The not altogether unexpected failure of the US-based distributor Pronoun dealt competitor aggregators an unexpected windfall this month

StreetLib and PublishDrive both rushed to produce migration tools that could with virtually one click transfer an author’s Pronoun files across and get them up and running again.
Both PublishDrive and StreetLib offer Amazon and Google Play as options – something absent from the distribution portfolio of either Smashwords or Draft2Digital at the time.
But in the most remarkable of coincidences Draft2Digital had quietly been beavering away at a deal with Amazon for much of this year and it all came to fruition the day after Pronoun closed.
And now Draft2Digital is having to deal with the rush. They’ve just released the following statement:

When we planned our announcement that we were adding Amazon as a new sales channel, we knew we would get a lot of attention. What we had not anticipated, however, was that Pronoun would announce its closure less than 24 hours prior to our announcement. As a result, we’ve seen a very large spike in incoming books for Amazon’s Kindle platform.
Because of this spike, we are just a bit behind on support tickets and other items. However, we’re Draft2Digital, and that means we have a plan.
The majority of our system is automated, and we are built to scale up with the addition of new authors and new books, for conversions, distribution, and other processes. We’ve built our system to ensure that your books get to sales channels as quickly as possible. With an increase of thirty-times our usual intake of new books, however, there’s bound to be some lag.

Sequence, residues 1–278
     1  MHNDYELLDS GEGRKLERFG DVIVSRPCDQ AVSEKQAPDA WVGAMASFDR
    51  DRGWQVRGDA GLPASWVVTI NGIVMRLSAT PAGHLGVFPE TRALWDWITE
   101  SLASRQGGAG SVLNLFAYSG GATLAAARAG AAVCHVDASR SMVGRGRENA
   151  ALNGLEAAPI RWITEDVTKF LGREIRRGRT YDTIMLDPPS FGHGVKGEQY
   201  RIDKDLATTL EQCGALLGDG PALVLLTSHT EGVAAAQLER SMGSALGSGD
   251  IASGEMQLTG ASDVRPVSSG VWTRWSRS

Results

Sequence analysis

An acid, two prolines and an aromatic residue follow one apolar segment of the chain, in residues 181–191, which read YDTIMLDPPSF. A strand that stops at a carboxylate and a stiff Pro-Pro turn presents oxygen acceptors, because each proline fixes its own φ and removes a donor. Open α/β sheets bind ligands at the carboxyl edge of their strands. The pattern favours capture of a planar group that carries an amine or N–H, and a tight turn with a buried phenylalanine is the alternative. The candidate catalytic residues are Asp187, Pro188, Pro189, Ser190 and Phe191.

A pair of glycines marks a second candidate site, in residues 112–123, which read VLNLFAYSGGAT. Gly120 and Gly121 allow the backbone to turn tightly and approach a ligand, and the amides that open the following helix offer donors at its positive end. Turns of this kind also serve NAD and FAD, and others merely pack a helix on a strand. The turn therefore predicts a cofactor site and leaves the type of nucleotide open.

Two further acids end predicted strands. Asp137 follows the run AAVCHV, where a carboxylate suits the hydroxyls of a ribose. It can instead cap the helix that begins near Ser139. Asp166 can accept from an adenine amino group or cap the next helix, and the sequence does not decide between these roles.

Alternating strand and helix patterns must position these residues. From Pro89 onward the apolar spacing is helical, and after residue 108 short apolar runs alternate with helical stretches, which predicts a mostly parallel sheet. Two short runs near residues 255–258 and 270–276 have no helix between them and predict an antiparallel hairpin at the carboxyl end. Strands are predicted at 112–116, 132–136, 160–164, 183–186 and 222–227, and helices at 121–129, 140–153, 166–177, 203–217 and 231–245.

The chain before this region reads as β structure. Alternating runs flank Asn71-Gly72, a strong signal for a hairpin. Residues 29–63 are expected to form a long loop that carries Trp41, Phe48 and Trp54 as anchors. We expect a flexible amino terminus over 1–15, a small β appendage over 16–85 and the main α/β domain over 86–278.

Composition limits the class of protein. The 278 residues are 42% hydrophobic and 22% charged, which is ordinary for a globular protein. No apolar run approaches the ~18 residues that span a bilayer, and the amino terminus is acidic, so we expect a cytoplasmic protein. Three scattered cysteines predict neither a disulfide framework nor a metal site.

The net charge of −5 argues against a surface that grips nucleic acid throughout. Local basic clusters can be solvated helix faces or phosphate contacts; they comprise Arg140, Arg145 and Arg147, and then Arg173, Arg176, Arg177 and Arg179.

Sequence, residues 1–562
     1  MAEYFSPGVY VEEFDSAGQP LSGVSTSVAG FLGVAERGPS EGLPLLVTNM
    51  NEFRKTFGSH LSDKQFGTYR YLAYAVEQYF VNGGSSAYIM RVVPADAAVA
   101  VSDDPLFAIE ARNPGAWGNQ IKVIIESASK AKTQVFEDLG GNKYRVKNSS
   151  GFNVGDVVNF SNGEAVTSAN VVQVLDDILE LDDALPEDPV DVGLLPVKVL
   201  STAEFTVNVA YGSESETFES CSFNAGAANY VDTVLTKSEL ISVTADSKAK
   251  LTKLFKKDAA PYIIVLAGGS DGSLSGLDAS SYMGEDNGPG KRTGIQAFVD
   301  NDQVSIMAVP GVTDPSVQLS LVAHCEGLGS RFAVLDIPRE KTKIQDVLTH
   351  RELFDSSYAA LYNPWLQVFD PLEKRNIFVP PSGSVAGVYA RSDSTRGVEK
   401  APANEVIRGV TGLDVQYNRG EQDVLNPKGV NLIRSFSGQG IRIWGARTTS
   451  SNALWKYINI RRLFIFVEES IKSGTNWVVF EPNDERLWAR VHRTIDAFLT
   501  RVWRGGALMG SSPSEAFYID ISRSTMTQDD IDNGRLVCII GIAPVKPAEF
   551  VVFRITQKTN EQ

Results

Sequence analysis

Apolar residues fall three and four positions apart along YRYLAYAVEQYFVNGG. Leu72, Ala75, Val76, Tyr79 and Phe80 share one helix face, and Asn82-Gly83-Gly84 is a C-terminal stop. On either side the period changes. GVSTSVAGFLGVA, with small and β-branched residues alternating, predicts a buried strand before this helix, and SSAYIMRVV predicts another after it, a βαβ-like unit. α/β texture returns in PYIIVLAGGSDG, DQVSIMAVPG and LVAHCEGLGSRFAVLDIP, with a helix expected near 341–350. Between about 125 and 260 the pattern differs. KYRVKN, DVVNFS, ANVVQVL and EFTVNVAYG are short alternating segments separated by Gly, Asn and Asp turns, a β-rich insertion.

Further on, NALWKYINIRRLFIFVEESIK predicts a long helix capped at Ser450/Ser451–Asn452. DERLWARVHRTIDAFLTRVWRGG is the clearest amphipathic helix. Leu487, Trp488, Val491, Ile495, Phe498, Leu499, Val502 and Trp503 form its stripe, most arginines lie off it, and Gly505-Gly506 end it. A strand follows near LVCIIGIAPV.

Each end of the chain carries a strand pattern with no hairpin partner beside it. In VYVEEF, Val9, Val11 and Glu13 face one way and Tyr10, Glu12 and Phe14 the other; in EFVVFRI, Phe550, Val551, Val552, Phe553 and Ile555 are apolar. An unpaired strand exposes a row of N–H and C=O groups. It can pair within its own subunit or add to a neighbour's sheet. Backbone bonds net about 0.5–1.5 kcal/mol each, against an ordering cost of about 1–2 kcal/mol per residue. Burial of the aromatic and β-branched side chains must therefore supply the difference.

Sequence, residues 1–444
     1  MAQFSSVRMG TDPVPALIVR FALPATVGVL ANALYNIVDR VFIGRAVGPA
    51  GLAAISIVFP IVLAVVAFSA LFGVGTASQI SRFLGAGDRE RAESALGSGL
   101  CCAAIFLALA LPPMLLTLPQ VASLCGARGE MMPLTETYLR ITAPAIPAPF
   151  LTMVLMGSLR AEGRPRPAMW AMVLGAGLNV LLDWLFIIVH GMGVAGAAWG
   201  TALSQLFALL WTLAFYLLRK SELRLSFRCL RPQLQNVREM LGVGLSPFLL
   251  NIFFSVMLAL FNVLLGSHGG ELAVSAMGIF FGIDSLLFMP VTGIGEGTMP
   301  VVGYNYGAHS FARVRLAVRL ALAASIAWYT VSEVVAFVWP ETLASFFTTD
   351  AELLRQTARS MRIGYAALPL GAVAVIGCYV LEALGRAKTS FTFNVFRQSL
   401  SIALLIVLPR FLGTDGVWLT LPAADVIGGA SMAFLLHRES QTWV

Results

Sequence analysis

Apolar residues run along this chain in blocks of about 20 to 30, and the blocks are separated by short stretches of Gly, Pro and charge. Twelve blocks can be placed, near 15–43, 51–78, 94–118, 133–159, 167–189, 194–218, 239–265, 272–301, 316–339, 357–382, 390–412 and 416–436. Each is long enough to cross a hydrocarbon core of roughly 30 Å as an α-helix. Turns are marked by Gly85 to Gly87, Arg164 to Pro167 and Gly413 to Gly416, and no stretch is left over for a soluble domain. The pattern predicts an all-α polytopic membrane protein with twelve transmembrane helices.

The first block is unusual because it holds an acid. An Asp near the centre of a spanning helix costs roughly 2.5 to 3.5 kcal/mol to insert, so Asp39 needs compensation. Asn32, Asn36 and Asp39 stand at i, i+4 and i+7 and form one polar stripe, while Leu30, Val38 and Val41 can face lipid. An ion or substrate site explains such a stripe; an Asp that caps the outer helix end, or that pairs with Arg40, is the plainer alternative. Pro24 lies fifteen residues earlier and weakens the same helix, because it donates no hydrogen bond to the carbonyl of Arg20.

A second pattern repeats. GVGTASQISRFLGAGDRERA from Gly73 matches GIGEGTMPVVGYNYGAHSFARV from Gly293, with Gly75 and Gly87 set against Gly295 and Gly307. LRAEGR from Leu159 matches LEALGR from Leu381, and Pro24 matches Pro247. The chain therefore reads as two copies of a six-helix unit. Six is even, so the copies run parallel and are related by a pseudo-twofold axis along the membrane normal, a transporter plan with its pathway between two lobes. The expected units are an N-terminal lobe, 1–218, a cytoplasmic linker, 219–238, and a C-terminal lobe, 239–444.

That’s why we wanted you to know that we are actively scanning through high-priority items and ensuring any support issues are dealt with as quickly as possible. We’re working hard to accommodate all the new users and new books that are coming in, and we will continue to offer the same high-level support we always have.
We wanted to assure you that any slowdowns in the process are temporary, as we welcome a growing community of new-to-us authors and books. We greatly appreciate your patience, as the system adjusts to the increased load. We anticipate that everything will level out very soon.

I asked Draft2Digital CEO Kris Austin about the chances of seeing GooglePlay as an option at D2D but he advised “for now, we have nothing official to announce on that front.”
Which puts us back in the bizarre pre-Pronoun position where there is no American free-to-upload aggregator offering Google Play. (PublishDrive and StreetLib while both now with US offices, are respectively based in Hungary and Italy). For the record US-based Bookbaby also offers Google Play, but that is a pay-up-front service.
No word yet from StreetLib or PublishDrive on the level of response they are seeing since Pronoun’s announcement, but given they so quickly put together import tools I would imagine both are doing well. You can read about their respective import tools here for StreetLib and here for PublishDrive.
As Nate Hoffelder reported at The Digital Reader a few days ago, Google Play, having closed their self-pub portal a couple of years ago, does appear to be letting selected indie authors open Google Play upload accounts.
Authors moving to Draft2Digital from Pronoun should bear in mind that they can also still use PublishDrive and / or StreetLib for Google Play and for the many other outlets those two distributors offer.
For balance, Smashwords also offers a range of ebook outlets, some of which are not available through Draft2Digital, PublishDrive or StreetLib.
While speculation continues about just why Pronoun was closed by Macmillan (theories ranging from losing too much money, to abusing their relationship with Amazon by offering better payouts than Amazon, to  having completed a rights grab of indie author data) there’s one clear lesson here:
Putting all our eggs in one basket is rarely a good idea, while spreading our distribution across a range of options not only gives us better reach and potentially better returns, but makes for a healthy, competitive marketplace.
Full disclosure: The New Publishing Standard is published by Antonio Tombolini Editore. Tombolini also happens to be StreetLib’s CEO.